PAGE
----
Emotional Trauma And Avoidant Attachment Style

In an individual life, it is not usual that one should remember all the details about upbringing, childhood, and interactions with their caretakers like our parents. The effects of such a relationship approach later in life have different consequences.

This is called attachment theory presented by British John Bowlby.

In the psychologist’s office. Man and woman talking

In the same way, the effects of our upbringing remain with us in our adulthood, whether they are professional, or romantic relationships. Also, these patterns from our upbringing set the ideas of what we can expect from others.

One kind of attachment style is avoidant attachment. Here’s what it means to have an avoidant attachment style, the causes of it, and how to deal with it.

Avoidant Attachment Style

This attachment style indicates in several ways in both childhood and adulthood. According to  Michael Wusik, a clinical psychologist at Dynamic State Behavioral Health there are certain characteristics of childhood that have effects later in adulthood.

  • Having a little desire to be physically attached with their parent 
  • Experiencing no agony if the caregiver leaves the child with any stranger.
  • Trying to ignore a parent when they get picked up (such as avoiding eye contact or avoiding being touched or comforted by their parent)
  • Get easily annoyed by other children
  • Showing a restricted display of emotions
  • Not in favor to seek help 

Another study by Jessica January Behr, a licensed psychologist and the founder and director of Behr Psychology in which she pointed out that there are some genuine consequences of childhood poor relationships with caretakers into adulthood.

The complication with such individuals is that it can be difficult for them with an avoidant attachment style to form healthy relationships. Following are the characteristics that have effects on people with avoidant attachment styles.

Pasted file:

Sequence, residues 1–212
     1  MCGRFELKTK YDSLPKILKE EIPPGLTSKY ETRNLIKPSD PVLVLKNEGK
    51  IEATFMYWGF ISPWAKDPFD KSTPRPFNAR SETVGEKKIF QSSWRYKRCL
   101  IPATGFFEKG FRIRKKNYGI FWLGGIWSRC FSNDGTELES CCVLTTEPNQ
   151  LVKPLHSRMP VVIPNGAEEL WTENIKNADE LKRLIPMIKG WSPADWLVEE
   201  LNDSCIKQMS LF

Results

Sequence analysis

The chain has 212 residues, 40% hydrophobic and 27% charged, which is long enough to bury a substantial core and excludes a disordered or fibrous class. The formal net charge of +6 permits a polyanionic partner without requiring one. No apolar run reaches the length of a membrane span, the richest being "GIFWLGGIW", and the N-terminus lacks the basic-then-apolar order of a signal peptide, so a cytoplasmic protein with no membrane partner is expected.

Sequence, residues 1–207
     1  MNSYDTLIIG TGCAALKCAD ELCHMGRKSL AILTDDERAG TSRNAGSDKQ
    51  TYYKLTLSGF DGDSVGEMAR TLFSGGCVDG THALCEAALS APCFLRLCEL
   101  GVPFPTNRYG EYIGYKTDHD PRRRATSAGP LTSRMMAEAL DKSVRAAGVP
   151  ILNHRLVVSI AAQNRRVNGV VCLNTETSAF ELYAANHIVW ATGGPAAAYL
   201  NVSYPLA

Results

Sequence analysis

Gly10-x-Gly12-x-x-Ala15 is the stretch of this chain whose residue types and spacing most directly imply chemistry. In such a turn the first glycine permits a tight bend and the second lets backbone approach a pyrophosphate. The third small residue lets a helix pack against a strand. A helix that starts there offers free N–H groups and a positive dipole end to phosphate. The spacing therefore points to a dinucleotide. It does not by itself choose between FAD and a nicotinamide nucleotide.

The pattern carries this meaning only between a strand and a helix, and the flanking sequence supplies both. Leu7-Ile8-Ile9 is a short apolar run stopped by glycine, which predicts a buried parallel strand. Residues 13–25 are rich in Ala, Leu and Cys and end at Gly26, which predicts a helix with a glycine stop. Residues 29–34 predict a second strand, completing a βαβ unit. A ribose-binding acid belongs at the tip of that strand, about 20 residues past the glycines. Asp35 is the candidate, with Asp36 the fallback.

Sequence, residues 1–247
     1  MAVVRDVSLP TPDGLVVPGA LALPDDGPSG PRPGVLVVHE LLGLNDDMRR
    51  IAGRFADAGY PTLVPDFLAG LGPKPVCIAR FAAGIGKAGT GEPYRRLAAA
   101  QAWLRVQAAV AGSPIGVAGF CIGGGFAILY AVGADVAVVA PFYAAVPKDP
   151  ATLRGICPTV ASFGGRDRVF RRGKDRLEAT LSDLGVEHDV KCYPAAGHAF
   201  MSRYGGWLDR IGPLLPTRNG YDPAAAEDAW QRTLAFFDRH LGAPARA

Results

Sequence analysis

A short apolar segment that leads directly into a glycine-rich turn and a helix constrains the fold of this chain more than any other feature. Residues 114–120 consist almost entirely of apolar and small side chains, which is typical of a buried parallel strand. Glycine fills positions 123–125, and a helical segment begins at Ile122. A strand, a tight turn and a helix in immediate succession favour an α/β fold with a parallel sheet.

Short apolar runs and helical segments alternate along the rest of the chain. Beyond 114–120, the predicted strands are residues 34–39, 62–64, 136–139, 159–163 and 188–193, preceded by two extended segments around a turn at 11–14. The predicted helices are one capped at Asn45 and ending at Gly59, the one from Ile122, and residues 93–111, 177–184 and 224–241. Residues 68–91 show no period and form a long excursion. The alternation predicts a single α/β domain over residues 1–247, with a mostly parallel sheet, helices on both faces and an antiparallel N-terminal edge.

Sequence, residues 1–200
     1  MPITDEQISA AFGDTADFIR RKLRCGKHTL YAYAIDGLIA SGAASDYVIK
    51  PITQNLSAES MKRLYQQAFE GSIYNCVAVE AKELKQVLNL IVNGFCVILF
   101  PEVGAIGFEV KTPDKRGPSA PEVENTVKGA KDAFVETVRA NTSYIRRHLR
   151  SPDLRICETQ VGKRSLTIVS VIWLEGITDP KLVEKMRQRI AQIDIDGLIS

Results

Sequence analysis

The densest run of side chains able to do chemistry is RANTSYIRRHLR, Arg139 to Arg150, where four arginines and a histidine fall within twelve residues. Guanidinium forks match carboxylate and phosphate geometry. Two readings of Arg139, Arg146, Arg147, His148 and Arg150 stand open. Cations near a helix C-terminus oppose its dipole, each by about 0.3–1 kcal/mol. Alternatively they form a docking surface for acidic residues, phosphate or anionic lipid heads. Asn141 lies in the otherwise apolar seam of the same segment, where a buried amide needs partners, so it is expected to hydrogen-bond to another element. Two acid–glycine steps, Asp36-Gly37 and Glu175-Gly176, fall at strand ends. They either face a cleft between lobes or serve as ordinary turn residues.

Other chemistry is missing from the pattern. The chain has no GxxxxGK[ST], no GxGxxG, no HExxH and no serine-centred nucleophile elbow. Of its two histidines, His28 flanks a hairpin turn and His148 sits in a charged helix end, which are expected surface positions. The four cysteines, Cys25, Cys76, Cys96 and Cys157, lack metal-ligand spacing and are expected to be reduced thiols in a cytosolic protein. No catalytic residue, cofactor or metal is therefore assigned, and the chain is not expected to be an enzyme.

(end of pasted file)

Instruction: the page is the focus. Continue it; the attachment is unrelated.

• Having uneasy feelings and expressing emotions
  • Preventing emotional attachment in relationships (whether consciously or unconsciously)
  • Not conveying necessity for affection.
  • Tending to extract from others and cope with complicated situations or feelings alone
  • Draw out from any physical touch, eye contact, or verbal communication
  • Facing difficulty asking for help or receiving help
  • Concentrate on independence over alliances.
  • Feeling like their mate is anxious when they try to get emotionally attached.
  • Feeling strangled in relationships.
  • Having symptoms of anxiety, depression, or disordered eating.

Through research, it has been found that attachment style has a straight affect on regular life in general, too. Moreover, the attachment style leaves a person in a negative sense of self, felt less cared for by other individuals, and had a massive desire to be alone.

Reasons for an avoidant attachment

“Avoidant attachment style grows when a child’s most important caregiver does not show support/sensitivity past providing necessities such as food and shelter,” says Behr.

Individuals with an avoidant attachment type may have experienced parents who have not shown any kindness towards their child and rejected them for several reasons.

Some parents didn’t meet the necessities of children like safety, hunger, or touch. Another reason experienced by avoidant attachment type individuals is that they are left out with the experience of love, affection, and respecting boundaries.

Moreover, parents did not show empathy and discouraged the child from expressing their emotions like sadness and anger. 

For this reason, parents are unavailable emotionally and unresponsive. This rejection and neglect turn the child into severe depression and antisocial behavior.

How To Overcome Avoidant Attachment Style

According to Wusik, the initial stage to deal with an avoidant attachment style is to comprehend it and identify it. It may be hard to identify because these individuals with an avoidant attachment style have been under its effects their whole life.

To overcome the attachment style therapy is a good way to start. There are types that can help to cope with avoidant attachment and make positive changes.

  • Psychodynamic psychotherapy
  • Attachment-oriented psychotherapy
  • Cognitive-behavioral therapy
  • Internal family systems (inner child) therapy
  • Mindfulness-based therapy 

According to Behr any of these types of therapy can help you improve to recognize your attachment style, your kind of attachment trauma, the way your past has affected your current state, and more.

Moreover, if you’re currently in a relationship, couples therapy can be valuable. “Because attachment wounds are often triggered in the context of a relationship it can be helpful to have a therapist assist you to manage and communicate effectively as a couple.

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